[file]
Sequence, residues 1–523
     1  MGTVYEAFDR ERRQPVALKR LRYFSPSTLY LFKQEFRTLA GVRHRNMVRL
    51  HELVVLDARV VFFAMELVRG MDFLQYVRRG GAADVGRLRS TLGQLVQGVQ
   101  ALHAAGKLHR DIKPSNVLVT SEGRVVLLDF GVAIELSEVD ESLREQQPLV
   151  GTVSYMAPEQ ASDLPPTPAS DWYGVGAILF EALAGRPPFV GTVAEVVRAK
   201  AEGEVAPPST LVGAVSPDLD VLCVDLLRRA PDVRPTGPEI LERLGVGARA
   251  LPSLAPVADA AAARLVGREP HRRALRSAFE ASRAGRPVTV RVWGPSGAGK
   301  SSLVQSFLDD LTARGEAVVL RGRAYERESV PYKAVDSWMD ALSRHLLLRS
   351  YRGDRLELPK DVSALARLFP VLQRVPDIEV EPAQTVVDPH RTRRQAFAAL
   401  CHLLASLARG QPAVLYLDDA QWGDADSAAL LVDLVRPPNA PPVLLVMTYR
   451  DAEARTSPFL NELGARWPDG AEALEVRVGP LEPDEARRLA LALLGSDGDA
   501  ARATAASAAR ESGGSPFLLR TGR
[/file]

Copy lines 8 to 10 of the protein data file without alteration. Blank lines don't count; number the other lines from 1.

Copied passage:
   301  SSLVQSFLDD LTARGEAVVL RGRAYERESV PYKAVDSWMD ALSRHLLLRS
   351  YRGDRLELPK DVSALARLFP VLQRVPDIEV EPAQTVVDPH RTRRQAFAAL
   401  CHLLASLARG QPAVLYLDDA QWGDADSAAL LVDLVRPPNA PPVLLVMTYR